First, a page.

December 03, 2007
"Private" v. "Public" Securities Markets
Posted by Troy Paredes

First, let me thank the folks at the Conglomerate for inviting me to guest blog. I’m a regular reader and look forward to having a chance to share some thoughts.

Let me start with an observation: The “private” securities market is becoming larger and larger and ever more important. For example, the growth in private equity has received much attention lately (in part as a result of claims that companies have gone/stayed private to avoid regulatory burdens (e.g., SOX)). The hedge fund industry is now well over a trillion dollar industry, having ballooned in recent years. In addition, the Rule 144A market is huge, and more active secondary trading of Rule 144A offerings is expected in the future. Brian Cartwright, the SEC’s general counsel, made similar observations in an interesting speech on “The Future of Securities Regulation” that he delivered on October 24, 2007 at Penn Law School (a copy of his speech is available on the SEC’s Web site).

This leads me to the following question: How will the growth of the private market for securities (or, to use Cartwright’s term, continuing “deretailization”) impact securities regulation going forward? Will calls for regulating private pools of capital intensify? One reason people have called for hedge fund regulation is because the industry has grown so considerably. Alternatively, we have seen calls to reduce the burdens on public companies – in effect, to scale back some of the SOX-era reforms and to address securities class actions. Further, will there be growing calls to ease the Investment Company Act burdens that presently limit the ability of mutual funds to engage in hedge-fund-like strategies?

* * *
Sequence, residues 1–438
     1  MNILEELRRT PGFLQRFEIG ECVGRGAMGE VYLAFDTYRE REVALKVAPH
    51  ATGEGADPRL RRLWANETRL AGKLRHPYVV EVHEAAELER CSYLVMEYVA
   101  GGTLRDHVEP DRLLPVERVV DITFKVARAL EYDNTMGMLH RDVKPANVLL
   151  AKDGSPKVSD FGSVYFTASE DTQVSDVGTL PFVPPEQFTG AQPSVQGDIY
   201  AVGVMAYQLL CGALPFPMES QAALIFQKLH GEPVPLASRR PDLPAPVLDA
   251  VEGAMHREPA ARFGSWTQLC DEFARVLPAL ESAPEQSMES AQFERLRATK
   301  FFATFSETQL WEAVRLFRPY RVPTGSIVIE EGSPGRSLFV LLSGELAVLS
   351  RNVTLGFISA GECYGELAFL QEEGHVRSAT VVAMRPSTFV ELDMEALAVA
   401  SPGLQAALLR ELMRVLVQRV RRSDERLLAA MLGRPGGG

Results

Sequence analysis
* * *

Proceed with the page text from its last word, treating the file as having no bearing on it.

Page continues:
In considering all of this, one can’t overlook that retail investors may become increasingly discontent as they come to appreciate more fully that there is one market for them (public offerings and mutual funds) and another market that only wealthy individuals and institutions can play in. The comments on the SEC’s “accredited natural person” proposal (which proposed adding an investment standard for individual investors to qualify as “accredited” when investing in hedge funds) suggests retail investors want the same opportunities as wealthy individuals and large institutions.

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